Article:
AMERICAN BRIDAL & PROM INDUSTRY ASSOCIATION, INC. et al v. 2016DRESSFORPROM.COM et al, No. 3:2016cv08272 - Document 20 (D.N.J. 2017)

Court Description: OPINION filed. Signed by Judge Anne E. Thompson on 9/18/2017. (km)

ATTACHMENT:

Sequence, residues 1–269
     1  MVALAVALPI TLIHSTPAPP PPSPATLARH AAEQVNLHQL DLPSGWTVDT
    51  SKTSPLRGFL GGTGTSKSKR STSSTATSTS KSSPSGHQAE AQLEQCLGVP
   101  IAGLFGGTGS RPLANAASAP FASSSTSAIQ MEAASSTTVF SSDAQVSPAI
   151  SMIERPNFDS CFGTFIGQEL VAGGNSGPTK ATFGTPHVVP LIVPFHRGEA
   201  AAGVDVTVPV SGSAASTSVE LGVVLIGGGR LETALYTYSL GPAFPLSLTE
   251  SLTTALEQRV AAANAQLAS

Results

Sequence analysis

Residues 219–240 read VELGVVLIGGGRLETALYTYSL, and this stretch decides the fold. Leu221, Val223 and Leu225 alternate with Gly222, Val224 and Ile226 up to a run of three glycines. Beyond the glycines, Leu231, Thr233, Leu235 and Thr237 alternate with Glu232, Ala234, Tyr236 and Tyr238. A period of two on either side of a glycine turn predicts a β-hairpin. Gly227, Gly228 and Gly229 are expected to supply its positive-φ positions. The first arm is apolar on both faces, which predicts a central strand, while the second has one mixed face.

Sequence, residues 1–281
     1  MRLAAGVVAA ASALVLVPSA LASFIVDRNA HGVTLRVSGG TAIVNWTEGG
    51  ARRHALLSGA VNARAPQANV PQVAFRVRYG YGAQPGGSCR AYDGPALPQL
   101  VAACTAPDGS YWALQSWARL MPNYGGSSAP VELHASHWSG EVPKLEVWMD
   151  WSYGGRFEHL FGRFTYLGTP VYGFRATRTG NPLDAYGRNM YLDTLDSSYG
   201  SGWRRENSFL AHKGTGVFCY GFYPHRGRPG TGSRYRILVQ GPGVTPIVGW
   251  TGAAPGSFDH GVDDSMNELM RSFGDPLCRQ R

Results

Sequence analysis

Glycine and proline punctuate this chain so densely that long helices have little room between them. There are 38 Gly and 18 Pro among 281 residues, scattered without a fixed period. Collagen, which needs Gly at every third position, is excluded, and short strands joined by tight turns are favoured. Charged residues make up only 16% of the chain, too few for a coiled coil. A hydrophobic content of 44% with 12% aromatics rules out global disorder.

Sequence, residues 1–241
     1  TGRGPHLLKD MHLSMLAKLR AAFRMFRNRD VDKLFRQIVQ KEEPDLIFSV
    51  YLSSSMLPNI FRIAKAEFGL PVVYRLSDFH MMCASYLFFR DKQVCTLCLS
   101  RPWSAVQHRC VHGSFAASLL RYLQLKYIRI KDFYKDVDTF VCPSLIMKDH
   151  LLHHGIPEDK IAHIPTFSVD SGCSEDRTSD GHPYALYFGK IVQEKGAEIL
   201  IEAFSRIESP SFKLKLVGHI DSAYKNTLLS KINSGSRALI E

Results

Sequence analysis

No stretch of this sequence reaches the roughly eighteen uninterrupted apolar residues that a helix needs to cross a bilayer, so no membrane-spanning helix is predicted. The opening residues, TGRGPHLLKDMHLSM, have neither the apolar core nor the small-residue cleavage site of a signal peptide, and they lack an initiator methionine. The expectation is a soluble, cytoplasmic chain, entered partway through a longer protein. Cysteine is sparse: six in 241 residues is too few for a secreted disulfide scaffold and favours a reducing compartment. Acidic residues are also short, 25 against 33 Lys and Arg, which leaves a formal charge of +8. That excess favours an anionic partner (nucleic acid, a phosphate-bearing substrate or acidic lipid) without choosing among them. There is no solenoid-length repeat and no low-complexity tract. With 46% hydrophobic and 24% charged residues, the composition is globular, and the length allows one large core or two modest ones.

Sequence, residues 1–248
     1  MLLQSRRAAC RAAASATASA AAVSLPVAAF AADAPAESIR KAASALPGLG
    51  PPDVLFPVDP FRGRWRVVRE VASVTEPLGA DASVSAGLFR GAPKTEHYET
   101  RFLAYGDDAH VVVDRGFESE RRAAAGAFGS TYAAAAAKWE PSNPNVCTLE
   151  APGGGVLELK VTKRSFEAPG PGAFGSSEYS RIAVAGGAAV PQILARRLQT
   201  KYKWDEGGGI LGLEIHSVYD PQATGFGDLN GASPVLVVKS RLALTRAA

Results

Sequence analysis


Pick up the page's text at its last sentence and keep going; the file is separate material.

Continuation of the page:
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AMERICAN BRIDAL & PROM INDUSTRY ASSOCIATION, INC. et al v. 2016DRESSFORPROM.COM et al Doc. 20 RECEIVED NOT FOR PUBLICATION UNITED STATES DISTRICT COURT DISTRICT OF NEW JERSEY AT 8:30 I AMERICAN BRIDAL & PROM INDUSTRY ASSOCIA INC., et al., I Plaintiffs, I SEP ;f 9 2017 CLERK ! I v. Civ. No. 16-08272 OPINION 2016DRESSFORPROM.COM, et al., Defendants. THOMPSON, U.S.D.J. INTRODUCTION This matter comes before the Court on a Motion for Default Judgment by Plaintiffs American Bridal & Prom Industry Association and its represented companies against Defendants. Defendant has not opposed this motion. The Court has decided this motion based upon the written submissions of the parties pursuant to Local Civil Rule 78.l(b). For the foregoing reasons, the Court grants Plaintiffs' Motion for Default Judgment. BACKGROUND This case is a trademark counterfeiting, trademark infringement, unfair competition, and false designation action brought by a number of bridal, prom, and formalwear designers, I represented by the American Bridal & Prom Industry Association 1 (collectively "Plaintiffs") against various online retailers, known by their respective internet handles (collectively 1 The American Bridal and Prom· Industry Association ("AB PIA") is a trade association organized to represent the interests of members of the formal wear industry, in part to "take any and all appropriate and lawful action against the marketing and sale of counterfeit formalwear . products." (Appl. Pet. TRO Lang Deel. mf 2-3, ECF No. 5-2.) 1 "Defendants''). (See Compl., ECF No. 1) Plaintiffs assert three counts against Defendants: (I) federal trademark counterfeiting and infringement, (II) unfair competition and false designation of origin, and (111) violations of the New Jersey Fair Trade Act. (Id.) Plaintiffs allege that Defendants are part of "a massive internet counterfeiting scheme to advertise and sell counterfeit products." 34.) Through this scheme "Defendants have manufactured, imported, distributed, offered for sale and sold counterfeited goods ... using Plaintiffs' Marks and/or protected images ... ."(Id. 35.) Plaintiffs filed this Complaint on November 7, 2016, with summons issued that same day. (ECF Nos. 1, 2.) Plaintiffs filed an application and petition for a Temporary Restraining Order on November 11, 2016. (ECF No. 5.) At a November 28, 2016 status conference the Court directed Plaintiffs to attempt further service. (ECF No. 6.) Plaintiffs' counsel provided a declaration of further service of the Summons, Complaint, and Application for Temporary Restraining Order by registered emails on December 6, 2017 along with receipts of such. (Hilliard Deel., ECF No. 7; Hilliard Deel., Ex. A, ECF No. 7-1.) On January 11, 2017 the Court issued a preliminary injunction enjoining Defendants from use of Plaintiffs' marks and protected images, with service of this order made by registered email, consistent with Plaintiffs' means of service. (ECF No. 13.) Two defendants have been dismissed by consent order since the filing of this litigation. (ECF Nos. 14, 16.) On August 8, 2017, Plaintiffs filed this Motion for Default Judgment (ECF No. 19), which remains unopposed. Default has not been entered by the Clerk of the Court. LEGAL STANDARD Under Federal Rule of Civil Procedure 55, following the entry of default by the Clerk of the Court, default judgment may be entered when "a party against whom a judgment for affirmative relief is sought has failed to plead or otherwise defend." Fed. R. Civ. P. 55(a). 2 Motions for both the entry of default and default judgment can be considered simultaneously at the court and clerk's discretion, at which point the only inquiry is whether default judgment is appropriate. Napp Tech., LLC v. Kiel Lab., Inc., 2008 WL 5233708, at *3 (D.N.J. Dec. 12, 2008) (''Doing so does not change the Court's task: if a default judgment is appropriate, then it follows that the lesser requirements of Rule 55(a) are satisfied."); Sys. Indus., Inc. v. Han, 105 F.R.D. 72, 74 (E.D. Pa. 1985) ("Since the court has the authority to enter a judgment by default, it impliedly has the power to perform the ministerial function assigned to the clerk of entering a default."). A party who has made a proper showing under Rule 55 is not entitled to default judgment as of right; the entry of default is within the district court's discretion. Hritz v. Woma Corp., 732 F.2d 1178, 1180 (3d Cir. 1984); United States v. $55,518.05 in U.S. Currency, 728 F.2d 192, 194-95 (3d Cir. 1984). "Default judgment is permissible only if plaintiffs factual allegations establish a right to the requested relief." Eastern Constr. & Elec., Inc. v. Universe Techs., Inc., 2011 WL 53185, at *3 (D.N.J. Jan. 6, 2011). The court must accept plaintiff's well-pied factual allegations in the complaint. Chanel, Inc. v. Matos, 133 F.3d 678, 684 (D.N.J. 2015) (citing Comdeyne L Inc. v. Corbin, 908 F.2d 1142, 1149 (3d Cir. 1990)). The court is to consider three factors in deciding whether default judgment is appropriate: "(l) prejudice to the plaintiff if default is denied, (2) whether the defendant appears to have a litigable defense, and (3) whether defendant's delay is due to culpable conduct," taken willfully and in bad faith. Chamberlain v. Giampapa, 210 F.3d 154, 164 (3d Cir. 2000). The Third Circuit has cautioned that default judgment is a sanction of last resort-cases are more appropriately decided on their merits where practicable. See Hill v. Williamsport Police Dep 't, 69 F. App'x 49, 51 (3d Cir. 2003); Hritz, 732 F.2d at 1181. 3 DISCUSSION A. Default Judgment Plaintiffs filed this Motion after Defendants failed to file any answer or responsive pleadings to their Complaint and Temporary Restraining Order. Therefore, as a threshold matter, Plaintiffs are entirely unopposed. The Court will next consider the sufficiency of Plaintiffs' claims and the factors outlined in Chamberlain v. Giampapa to determine whether default judgment is warranted under the circumstances. 1. Sufficiency of Plaintiffs' Claims In support of their Motion for Default Judgment, Plaintiffs address each count of their Complaint, the elements and requirements of each of those counts, and the facts to support their claims to establish their right to relief. The same standard is used to assess Plaintiffs' claims for trademark infringement (Count I, 15 U.S.C. § 1114), unfair competition (Count II, 15 U.S.C. §1125(a)), and false designation (Count II, 15 U.S.C. § 1125(a)). A&H Sportswear, Inc. v. Victoria's Secret Stores, Inc., 237 F.3d 198, 210 (3d Cir. 2000) (applying the same standard to trademark infringement and unfair competition claims); Fruit Flowers, LLC v. Jammala, LLC, 2015 WL 5722598, at *3 (D.N.J. Sept. 29, 2015); Coach, Inc. v. Fashion Paradise, LLC, 2012 WL 194092, at *2 (D.N.J. Jan. 20, 2012) (citingA&H Sportswear for the proposition that the same standard applies to trademark infringement and false designation claims). All three claims require proof: (1) of plaintiffs valid and legally protected mark; (2) plaintifrs ownership over said mark; and (3) that defendant's ''use of the mark to identify goods or services causes a likelihood of confusion." A&H Sportswear, 237 F.3d at 210; Coach, 2012 WL 194092, at *2. 4 The first and second elements are satisfied here. Through its allegations in the Complaint and the copies of numerous trademarks provided, Plaintiff sufficiently establishes ownership of a valid mark. (Compl. if 28; Lang Deel. Ex. A.). The third factor is a more complex inquiry. "A likelihood of confusion exists when "consumers viewing the mark would probably assume that the product or service it represents is associated with the source of a different product or service identified by a similar mark." A&H Sportswear, 237 F.3d at 210 (quotingDranof.f-PerlsteinAssocs. v. Sklar, 967 F.2d 852, 862 (3d Cir. 1992)). This element is satisfied when the original and counterfeit goods are in direct competition, and the mark itself is typically adequate evidence of confusion.2 Id. at 211. Here, Defendants used protected images and marks taken directly from Plaintiffs' websites to market and sell counterfeit dresses and formalwear on their own web domains. (Compl. mf 34-37; Appl. Pet. TRO Lang Deel., Exs. 1-100, ECF Nos. 5-4, 5-5 (showing side-by-side comparisons of Defendants' infringing websites and Plaintiffs' websites).) This information is sufficiently persuasive to find a likelihood of confusion. Plaintiffs' trademark counterfeiting claim (Count I, 15 U.S.C. § 1114) has distinct elements. Plaintiffs must establish: "(l) defendants infringed a registered trademark in violation 2 For a more detailed inquiry, which courts need not conduct, the Third Circuit relies on a nonexhaustive list of factors: "( 1) the degree of similarity between the owner's mark and the alleged infringing mark; (2) the strength of the owner's mark; (3) the price of the goods and other factors indicative of the care and attention expected of consumers when making a purchase; (4) the length of time the defendant has used the mark without evidence of actual confusion arising; (5) the intent of the defendant in adopting the mark; (6) the evidence of actual confusion; (7) whether the goods, though not competing, are marketed through the same channels of trade and advertised through the same media; (8) the extent to which the targets of the parties' sales efforts are the same; (9) the relationship of the goods in the minds of consumers because of the similarity of function; [and] (10) other factors suggesting that the consuming public might expect the prior owner to manufacture a product in the defendant's market, or that he is likely to expand into that market." Fruit Flowers, 2015 WL 5722598, at *4 (citing Freedom Card, Inc. v. JPMorgan Chase & Co., 432 F.3d 463, 471 (3d Cir. 2005) (internal citations omitted)). 5 of the Lanham Act, 15 U.S.C. § 1114(l)(a), and (2) intentionally used the trademark knowing that it was counterfeit or was willfully blind to such use." Chanel, Inc. v. Gordashevsky, 558 F. Supp. 2d 532, 536 (D.N.J. 2008) (footnote The key distinction between this cause of action and an infringement claim is the intent and willfulness requirement. Coach, 2012 WL 194092, at *3. Willful conduct "involves an intent to infringe or a deliberate disregard of a mark holders' rights" and can be shown through "deliberate and unnecessary duplicating of a plaintiff's mark ... in a way that was calculated to appropriate or otherwise benefit from the will the plaintiff has nurtured." Coach, Inc. v. Bags & Accessories, 2011WL1882403, at *3 (D.N.J. May 17, 2011) (internal citations omitted). Plaintiffs have provided sufficient evidence to support their allegations that Defendants acted willfully. Plaintiffs' marks are widely promoted and part of well-known, quality-assured, and successful brands. (Compl. ,, 29-31.) Defendants used Plaintiffs' protected images to market counterfeit formal wear on their own websites. ABPIA's investigations found that Defendants were marketing look-alikes of Plaintiffs' dresses at significant discounts, and the products received were of inferior quality, made with far cheaper substitute materials. (Lang Deel. , 9.) Plaintiffs' final claim is under the New Jersey Fair Trade Act (Count IV, N.J.S.A. 56:41). The analysis of this claim is identical to those set forth for the federal claims above under the Lanham Act. See Zoetis LLC v. Roadrunner Pharmacy, Inc., 2016 WL 755622, at *4 (D.N.J. Feb. 25, 2016). Therefore the Court need not address this Count. Accepting as true Plaintiffs' factual allegations in the Complaint, Chanel, 133 F.3d at 684, the Court is persuaded that Plaintiffs have alleged sufficient facts to establish a right to relief on their enumerated counts, see Eastern Constr. & Elec., Inc., 2011 WL 53185, at *3. 6 2. Default Judgment Factors Because Plaintiffs are entitled to relief on their claims, the Court next examines the equitable factors of default judgment. First, Plaintiffs argue that they will be unfairly prejudiced if default is denied. Prejudice refers to an impairment of a plaintiff's ability to pursue its claim. Feliciano v. Reliant Tooling Co., 691F.2d653, 657 (3d Cir. 1982). Failure to file any responsive pleadings may leave a plaintiff without recourse on its claims, United Comm., LLC v. Hallowell Int'l, LLC, 2012 WL 5880295, at *4 (D.N.J. Nov. 21, 2012), raising particular concerns for further, future harm, see U.S. Commodity Futures Trading Comm 'n v. Siegel, 2014 WL 404537, at *8 (D.N.J. Dec. 30, 3014); CrossFit v. 2XR Fit Sys., Inc., 2014 WL 972158, at *8 (D.N.J. Mar. 11, 2014). Here, Defendants have failed to participate in this litigation in any way, (Pis.' Br. at 8, ECF No. 19-1 ), which leaves Plaintiffs without any opportunity to pursue their trademark infringement claims. Additionally, due to the nature of Defendants' conduct, there is a high likelihood for ongoing infringement of Plaintiffs' marks and images. Next, Plaintiffs assert that Defendants can have no meritorious defense since they have failed to respond. Whether a defendant has a meritorious or litigable defense is regarded as a dispositive issue. Nat'/ Specialty Insur. Co. v. Papa, 2013 WL 1952151, at *2 (D.N.J. May 9, 2013); see also $55,518.05 in U.S. Currency, 728 F.2d at 195 ("This is a critical issue because without a meritorious defense [Defendant] could not win at trial. Therefore, there would be no point in setting aside the default judgment .... "). A meritorious defense is one that would constitute a complete defense at trial. $55,518.05 in U.S. Currency, 728 F.2d at 195; Williams v. Zhou, 2015 WL 4940817, at *1 (D.N.J. Aug. 19, 2015). Where a defendant has.not responded and there are no defenses reflected in the record, courts cannot say whether a meritorious defense 7 exists and are permitted to presume that none exists. Coach, 2011WL1882403, at *6. Here, Defendants have provided no response to Plaintiffs' Complaint, subsequent pleadings, Temporary Restraining Order, or this motion, and therefore, they have failed to present the Court with any defense that could possibly be considered meritorious or permit success at trial. Moreover, Plaintiffs have articulated a sound right to relief, supra Section I.A, and Plaintiffs' pleadings do not contemplate any possible defenses to their claims. (Pis.' Br. at 8-14.) See Chanel, 133 F.3d at 686 ("Defendant has failed to proffer any defense to Plaintiff's claims, meritorious or otherwise, and the Complaint does not otherwise suggest the existence of any meritorious defense.") Finally, Plaintiffs argue that Defendants' failure to respond is per say culpable. Culpable conduct refers to "actions taken willfully or in bad faith," Gross v. Stereo Component Sys., Inc., 700 F.2d 120, 124 (3d Cir. 1983), rising above the level of mere negligence, Sourcecorp, Inc. v. Croney, 412 F. App'x 455, 460 (3d Cir. 2011). Failure to defend, despite serviCe of a complaint, is a product of defendant's culpable conduct. Chanel, 133 F.3d at 687. Plaintiffs served Defendants by registered emails and made subsequent attempts to effectuate service pursuant to the Court's direction by the end of December (ECF No. 6; Hilliard Deel., ECF No. 7), providing over eight months to respond prior to the filing of this motion. Defendants, however, have failed to respond, which the Court finds to be willful neglect of the pending litigation. B. Plaintiffs' Remedies and Damages Sought Plaintiffs specifically request two forms of relief: first, pennanent injunctive relief, and second, damages in the form of profits, or alternatively statutory damages under the Lanham Act. (Pl. 's Br. at 15.) 8 1. Permanent Injunctive Relief Plaintiffs ask the Court to order a Permanent Injunction against Defendants for the conduct forming the basis of their current allegations and claims. Their proposed order enjoins and restrains Defendants from conduct including but not limited to: future use of or passing off of Plaintiffs' marks or reproductions, counterfeits, copies, or imitations of such; shipping, delivering, seHing, distributing, etc. dresses or accessories bearing Plaintiffs' marks or reproductions, counterfeits, copies, or imitations of such; and utilizing or operating their infringing domains. (Pls.' Br. at 18-19.) The Supreme Court has set forth the test to determine whether a permanent injunction is appropriate. A plaintiff must demonstrate: (1) that it has suffered an irreparable injury; (2) that remedies available at law, such as monetary damages, are inadequate to compensate for that injury; (3) that, considering the balance of hardships between the plaintiff and defendant, a remedy in equity is warranted; and (4) that the public interest would not be disserved by a permanent injunction. eBay v. MercExchange, 547 U.S. 388, 390 (2006); Ferring Pharm., Inc. v. Watson Pharm., Inc., 765 F.3d 205, 214-15 (3d Cir. 2014) (extending the eBay requirements for permanent injunctive relief to cases under the Lanham Act). The Third Circuit has emphasized that a party is not entitled to a presumption of irreparable harm-it must demonstrate that such harm is likely to result. Ferring Pharm, Inc., 765 F.3d at 217. Plaintiffs argue that this four-factor test is satisfied based on the facts alleged. First, the Third Circuit recognizes "trademark infringement amounts to irreparable injury as a matter of law." Gucci Am., Inc. v. Daffy's Inc., 354 F.3d 228, 237 (3d Cir. 2003) (noting, however, this fact cannot swallow the remaining prongs of the inquiry) (internal citations omitted). More specifically, where trademark violations have been alleged, including diminishment of a 9 plaintiff's brand and name through counterfeited products, "irreparable injury becomes the 'inescapable conclusion."' Chanel, 133 F.3d at 689 (citing Pappan Enters., v. Hardee's Food Sys., Inc., 143 F.3d 800, 805 (3d Cir. 1998)); Coach, 2011WL1882403, at *9 (reaching the "inescapable conclusion" of irreparable injury where there is a risk of confusion caused by the defendant's trademark_ infringement). Here, Plaintiffs have demonstrated that Defendants used their registered marks and images to sell counterfeit dresses of inferior quality. (Compl. W 40, 41, 46, 51, 52; Appl. Pet. TRO Lang Deel., Exs. 1-100.) This conduct has created a likelihood of confusion for consumers. (Pl.'s Br. at 10.) Therefore, the Court is satisfied that Defendants' conduct has de facto irreparably injured Plaintiffs' names and reputations. Second, injury to a company's reputation and goodwill are not necessarily resolved through monetary compensation. Chanel, 133 F.3d at 689; Coach, 2011WL1882403, at *9. While damages can compensate a plaintiff "for the injury incurred to this point, it will not protect against future infringement." CrossFit, 2014 WL 972158, at *10. This case raises concern that. Defendants will resume this conduct, id., and monetary relief is not enough to protect Plaintiffs' interests, marks, and integrity from infringement and counterfeit activities. Third, the balancing ofhardships requires courts to consider whether the defendant will suffer any harm from enforcement of the injunction. In cases such as trademark infringement, courts find no harm where a permanent injunction simply "requires [a] [d]efendant to abide by the law and to refrain from infringing [] federally protected marks," and where any resulting injury for violating the injunction would be "self-inflicted." Chanel, 133 F.3d at 689. Due to Defendants' already established violations of federal law, supra Section I.A, "a permanent injunction in this case would merely prohibit [Defendants] from engaging in an activity to which 10 [they] have no legal right." AAMCO Transmissions, Inc. v. Dunlap, 646 F. App'x 182, 184 (3d Cir. 2016). Fourth, the Third Circuit specifically recognizes a prevailing public interest in favor of protecting from the erosion of the trademark holder's property interests and avoiding public confusion. Bill Blass, Ltd. v. SAZ Corp., 751F.2d152, 156 (3d Cir. 1984). Therefore, granting Plaintiffs request for a permanent injunction for the alleged Lanham Act and Trademark violations will not in any way disserve the public interest. The circumstances of this case weigh strongly in favor of Plaintiffs' request for a permanent injunction. 2. Damages While the court need not accept the plaintiff's allegations regarding damages as true, Chanel, 558 F. Supp. 2d at 535, final judgment may be entered where damages are for a sum certain, Fed. R. Civ. Pro. 55(b)(2). Under the Lanham Act, there are two options for damages: the plaintiff may elect to recover actual damages based on the defendant's profits, or statutory damages, typically where the actual damages and profits cannot be eas,ily calculated. Covertech Fabricating, Inc. v. TVM Building Prods., Inc., 855 F.3d 163, 176 (D.N.J. 2017); Chanel, 558 F. Supp. 2d at 537. It is the plaintiff's choice to make this election or establish a preference for damages. 15 U.S.C. § 1117(c) ("The plaintiff may elect, at any time before final judgment is rendered by the trial court, to recover instead of actual damages and profits under subsection (a), an award of statutory damages ...."). The calculation of damages, particularly for questions of actual damages, is an equitable analysis that lies within the court's broad discretion. See Covertech Fabricating, 855 F.3d at 176. Damages based on profits are assessed by reasonableness and should be grounded in sufficient information and estimates in the record. Id. at 177. This is reflected in the burden 11 shifting framework under the Act itself, which requires the plaintiff to first prove defendant's sales, and then the defendant to prove any costs or deductions he alleges. 15 U.S.C. § 1117(a). Plaintiffs articulate an argument for both actual damages and a statutory award, though express their preference for actual damages. (See Pls.' Br. at 27.) Plaintiffs propose damages equal to the amount currently restrained in Defendants' PayPal accounts-$2,916.56. (Pls.' Br. at 21.) This value is well-supported and grounded in sufficient evidence of financial statements and PayPal statements demonstrating Defendants' profits ($704,241.93), (Hilliard Deel. Ex. N, ECF No. 19-16), and PayPal account information regarding the total funds currently found in each Defendant's account (Hilliard Deel. Ex. 0, ECF No. 19-17). Plaintiffs' requested value of damages only represents a small portion of Defendants' profits, minimized to reflect the amount currently available in the accounts as opposed to the Defendants' total amount received which would more accurately reflect the Defendants' revenue. (Id.; Pls.' Br. at 27.) Plaintiffs also articulate an argument for treble damages due to Defendants' willful conduct, though they express their willingness to forgo that request. (Pls.' Br. at 23.) The Court finds these choices to be practical decisions-representative of what Plaintiffs will actually be able to recover through garnishment, and thus a reasonable request of the Court. Therefore, the Court will not award treble damages. Because Plaintiffs' request is a sum certain that is equitable, reasonable, and based on adequate support, they are entitled to this value of actual damages. CONCLUSION For the reasons stated herein, Plaintiffs' motion is granted. An appropriate order will follow. 12